Others claim that games are not (yet) art, because of the limited palette of emotions they can evoke: tactile pleasure, fiero, and frustration, certainly, but not (or rarely) tears or nostalgia or righteous anger, the vast panoply of emotions that film and fiction evoke. To my mind, this is category confusion again; architecture also has a limited emotional palette, but we consider it art. By this standard, however, one can certainly posit Super Columbine Massacre as a work of art: it evokes emotions rare in games--pity, horror, and repulsion.
The great strength of games as a medium, the one thing games are able to do that other media cannot, is to illuminate their subject by engaging the player directly in the action. Other media can depict, but they can't bring you inside. Reading a novel or watching a film, you may identify in some sense with the characters, but you are never unconscious that you are outside, watching; in a game, by nature, you are inside, doing. Thus a game such as Zucker's Napoleon's Last Battles can help you gain better insight into the nature of Napoleonic warfare than reading Clausewitz; a game such as Sim City can lend insight into the nature of cities that's hard to obtain in any other fashion.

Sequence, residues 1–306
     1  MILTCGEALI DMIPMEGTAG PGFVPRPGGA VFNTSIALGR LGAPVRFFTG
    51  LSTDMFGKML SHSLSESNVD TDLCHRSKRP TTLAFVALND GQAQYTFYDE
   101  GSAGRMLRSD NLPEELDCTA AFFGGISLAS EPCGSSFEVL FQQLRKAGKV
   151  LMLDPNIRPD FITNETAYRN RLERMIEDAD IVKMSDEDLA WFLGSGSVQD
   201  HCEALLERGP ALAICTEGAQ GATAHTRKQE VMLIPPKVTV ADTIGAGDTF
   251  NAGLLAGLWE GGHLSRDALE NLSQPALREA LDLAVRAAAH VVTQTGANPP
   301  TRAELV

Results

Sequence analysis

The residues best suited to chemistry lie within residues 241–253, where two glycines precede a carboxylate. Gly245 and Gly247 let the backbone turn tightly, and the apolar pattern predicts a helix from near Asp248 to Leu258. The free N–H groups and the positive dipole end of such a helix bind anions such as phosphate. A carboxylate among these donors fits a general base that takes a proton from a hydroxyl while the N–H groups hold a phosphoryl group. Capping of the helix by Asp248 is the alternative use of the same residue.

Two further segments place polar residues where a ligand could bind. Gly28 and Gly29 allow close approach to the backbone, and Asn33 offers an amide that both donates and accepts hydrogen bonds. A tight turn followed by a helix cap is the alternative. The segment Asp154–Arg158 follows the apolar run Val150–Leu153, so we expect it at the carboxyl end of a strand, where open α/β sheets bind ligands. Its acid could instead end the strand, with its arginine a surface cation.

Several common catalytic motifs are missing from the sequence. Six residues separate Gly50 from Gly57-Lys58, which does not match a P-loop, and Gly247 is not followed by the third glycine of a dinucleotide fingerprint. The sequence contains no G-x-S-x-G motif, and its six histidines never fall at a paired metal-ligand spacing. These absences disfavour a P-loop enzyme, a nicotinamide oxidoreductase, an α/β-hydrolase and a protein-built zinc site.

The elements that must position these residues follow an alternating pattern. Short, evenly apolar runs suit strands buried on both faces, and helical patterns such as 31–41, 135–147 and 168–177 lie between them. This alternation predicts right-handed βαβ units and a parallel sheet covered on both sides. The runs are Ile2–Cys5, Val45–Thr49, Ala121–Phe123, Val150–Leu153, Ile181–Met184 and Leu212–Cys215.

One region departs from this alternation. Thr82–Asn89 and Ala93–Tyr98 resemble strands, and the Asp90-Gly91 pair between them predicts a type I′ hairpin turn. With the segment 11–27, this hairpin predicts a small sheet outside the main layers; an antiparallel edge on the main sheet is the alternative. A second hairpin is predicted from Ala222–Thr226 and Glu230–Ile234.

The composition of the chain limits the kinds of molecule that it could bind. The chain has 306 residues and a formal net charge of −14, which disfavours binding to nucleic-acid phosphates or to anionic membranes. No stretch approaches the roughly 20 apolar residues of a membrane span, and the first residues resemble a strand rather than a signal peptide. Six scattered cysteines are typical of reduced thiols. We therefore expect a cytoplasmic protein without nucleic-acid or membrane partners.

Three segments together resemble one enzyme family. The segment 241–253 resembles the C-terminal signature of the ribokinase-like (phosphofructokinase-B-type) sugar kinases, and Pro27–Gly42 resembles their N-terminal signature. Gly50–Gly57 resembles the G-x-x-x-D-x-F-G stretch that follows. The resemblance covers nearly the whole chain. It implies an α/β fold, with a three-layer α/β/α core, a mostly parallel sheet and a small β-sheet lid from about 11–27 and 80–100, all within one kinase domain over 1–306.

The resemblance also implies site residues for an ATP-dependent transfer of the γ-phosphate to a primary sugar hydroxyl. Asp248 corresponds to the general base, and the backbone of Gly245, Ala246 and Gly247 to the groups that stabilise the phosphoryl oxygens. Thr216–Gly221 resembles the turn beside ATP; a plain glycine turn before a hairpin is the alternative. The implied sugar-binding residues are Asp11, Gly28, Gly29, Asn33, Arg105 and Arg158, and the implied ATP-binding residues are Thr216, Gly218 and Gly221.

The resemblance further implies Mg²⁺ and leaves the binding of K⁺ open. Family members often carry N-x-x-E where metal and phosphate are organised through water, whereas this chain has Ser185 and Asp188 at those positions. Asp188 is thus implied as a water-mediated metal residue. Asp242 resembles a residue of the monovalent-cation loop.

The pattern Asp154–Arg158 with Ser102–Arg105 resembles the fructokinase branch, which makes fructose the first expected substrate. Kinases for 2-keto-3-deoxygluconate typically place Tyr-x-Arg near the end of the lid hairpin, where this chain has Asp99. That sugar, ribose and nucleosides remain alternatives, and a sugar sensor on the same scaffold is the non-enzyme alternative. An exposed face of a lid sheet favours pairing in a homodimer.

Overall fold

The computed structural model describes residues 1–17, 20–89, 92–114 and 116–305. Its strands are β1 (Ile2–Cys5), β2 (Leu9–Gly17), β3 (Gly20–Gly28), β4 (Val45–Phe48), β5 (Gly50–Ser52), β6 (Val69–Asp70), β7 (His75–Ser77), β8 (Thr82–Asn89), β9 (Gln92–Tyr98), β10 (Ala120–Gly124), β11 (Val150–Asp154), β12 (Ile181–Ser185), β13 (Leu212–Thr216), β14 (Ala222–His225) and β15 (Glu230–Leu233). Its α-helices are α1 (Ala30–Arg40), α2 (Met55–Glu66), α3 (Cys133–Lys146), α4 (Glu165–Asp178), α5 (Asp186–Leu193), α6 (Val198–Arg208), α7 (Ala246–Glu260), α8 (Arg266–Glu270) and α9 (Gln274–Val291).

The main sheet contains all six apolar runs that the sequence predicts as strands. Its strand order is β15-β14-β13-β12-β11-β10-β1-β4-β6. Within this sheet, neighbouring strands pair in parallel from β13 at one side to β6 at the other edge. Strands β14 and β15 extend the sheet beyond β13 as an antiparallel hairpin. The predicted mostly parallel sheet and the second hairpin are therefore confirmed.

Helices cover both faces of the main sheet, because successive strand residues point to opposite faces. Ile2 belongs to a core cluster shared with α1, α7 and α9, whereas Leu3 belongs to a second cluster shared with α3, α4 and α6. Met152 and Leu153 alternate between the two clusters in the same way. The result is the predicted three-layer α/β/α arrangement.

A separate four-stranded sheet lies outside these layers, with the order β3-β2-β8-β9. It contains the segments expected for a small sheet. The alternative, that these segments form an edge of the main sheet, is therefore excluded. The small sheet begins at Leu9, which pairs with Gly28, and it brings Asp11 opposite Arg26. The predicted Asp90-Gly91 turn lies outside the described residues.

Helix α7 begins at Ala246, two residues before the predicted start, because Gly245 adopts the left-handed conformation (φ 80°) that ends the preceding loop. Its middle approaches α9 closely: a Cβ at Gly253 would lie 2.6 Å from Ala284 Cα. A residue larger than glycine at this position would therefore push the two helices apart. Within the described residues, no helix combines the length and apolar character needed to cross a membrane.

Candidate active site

And a game such as Super Columbine Massacre can lend insight into the events of that terrible day that newspaper reports, or somber and thouthful essays, cannot. Not necessarily better insights--but different ones--precisely because it makes you complicit in recreating the events.
As gamers, and those who love games, our reponse to this game, and to the criticism of it, should not be to hide, or run away, or hope that it goes away. Instead it should be to say: You do not understand, nor are you attempting to understand. This is not a glamorization of the murderers, nor yet a trivialization of the tragedy; it is a work of serious artistic intent and accomplishment, based on considerable research, that in fact illuminates and reflects the horror of that day. Just as there are novels of the Holocaust, there can be a game of Columbine, and neither need trivialize a tragedy.
- Designer's Statement
- Ian Bogost's Analysis
- Patrick Dugan on the Game
- Super Columbine Massacre: Better Than You'd Think (via Kotaku)
- Retro Super Columbine Massacre RPG a Mostly Thoughtful Take on the Tragedy (via Gameology)
- Rampant Coyote has a very different view of the game
Or you could play it.